Meltwater says AP's copyright lawsuit threatens all search engines
Meltwater has filed a response to the Associated Press' copyright lawsuit by saying that it's simply a sophisticated Internet search engine, and it hasn't violated copyright law by indexing AP stories.
In its copyright infringement lawsuit, AP called Meltwater a "modern-day clipping service." For $5,000 a year, Meltwater enables clients to search news stories for mentions of keywords and to receive email digests that contain portions of relevant news stories. AP contends Meltwater is undercutting its business by providing its content without paying AP for it.
Meltwater's defense is important, as Nieman Journalism Lab's Justin Ellis reported, because courts have treated search engines and clipping services differently in regard to copyright law.
By attacking a search engine, Meltwater contends, AP "challenges one of the core functions of the Internet."
Search engines, which index online content and provide information about its existence and location in response to users’ search queries, have existed since the earliest days of the Internet and are essential to its operation. Meltwater offers just such a search engine, which allows its corporate and institutional customers to discovery, analyze, and educate others about information in the news media relevant to their businesses.
Meltwater says numerous times in its response that it does not provide users full-text versions of stories. Instead, it provides a headline, a "short snippet of text" surrounding the search term, and a link to the original article.
AP claims in its lawsuit that when you add up the headline and those snippets, Meltwater clients can obtain a significant percentage of a story, and that with the right series of searches, a client could obtain the full text of a news story, even if it's no longer available online.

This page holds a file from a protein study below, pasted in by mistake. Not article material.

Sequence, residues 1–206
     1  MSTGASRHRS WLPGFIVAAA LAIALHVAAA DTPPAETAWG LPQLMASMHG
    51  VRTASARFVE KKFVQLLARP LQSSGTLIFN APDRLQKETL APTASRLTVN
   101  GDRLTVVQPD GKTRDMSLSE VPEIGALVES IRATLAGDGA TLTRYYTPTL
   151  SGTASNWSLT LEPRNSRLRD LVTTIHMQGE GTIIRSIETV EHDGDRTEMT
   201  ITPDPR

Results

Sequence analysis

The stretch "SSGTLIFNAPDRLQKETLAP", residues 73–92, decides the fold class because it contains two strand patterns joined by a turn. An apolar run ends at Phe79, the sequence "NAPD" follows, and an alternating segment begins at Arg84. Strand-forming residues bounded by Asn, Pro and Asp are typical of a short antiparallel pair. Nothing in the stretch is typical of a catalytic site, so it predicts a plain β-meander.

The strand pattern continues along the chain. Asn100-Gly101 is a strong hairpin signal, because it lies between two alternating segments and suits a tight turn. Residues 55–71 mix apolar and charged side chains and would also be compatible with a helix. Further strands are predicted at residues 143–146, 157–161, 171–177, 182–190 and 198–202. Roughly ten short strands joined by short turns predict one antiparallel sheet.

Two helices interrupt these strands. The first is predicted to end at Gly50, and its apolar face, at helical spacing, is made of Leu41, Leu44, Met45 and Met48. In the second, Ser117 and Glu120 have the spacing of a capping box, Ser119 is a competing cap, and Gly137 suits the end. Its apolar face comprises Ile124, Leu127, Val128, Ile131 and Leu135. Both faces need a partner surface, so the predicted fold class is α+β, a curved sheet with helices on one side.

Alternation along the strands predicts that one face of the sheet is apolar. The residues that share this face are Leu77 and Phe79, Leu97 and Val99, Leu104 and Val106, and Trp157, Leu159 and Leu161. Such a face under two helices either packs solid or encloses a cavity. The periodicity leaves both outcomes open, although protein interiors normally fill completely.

AP also claims that clients can use Meltwater's search-result saving feature to copy the entire text of stories to their Meltwater account. Techdirt's Michael Masnick sizes up that argument:
Because users can cut and paste AP stories from their original websites and "save" them in a Meltwater archive, Meltwater is guilty of violating copyright law. Under that argument, so is any email program or word processing program.
Meltwater's legal response echoes what Jens-Petter Glittenberg, co-founder of the company and director of business development, told me shortly after the lawsuit was filed. Unlike Google, he said, Meltwater does not enable users to view cached versions of news stories. So if the URL to the original article is broken, or the story has been moved behind a paywall, the reader cannot use Meltwater to access it.
"We are not in the business of distributing content," he said. "We are in the business of selling the knowledge that such content exists."
Meltwater also claims that the AP's announcement of the lawsuit has disrupted its business relationships and scared away prospective clients.
Current and would-be Meltwater customers have cited AP’s accusations as a basis for not subscribing to Meltwater News or for otherwise limiting their relationships with Meltwater.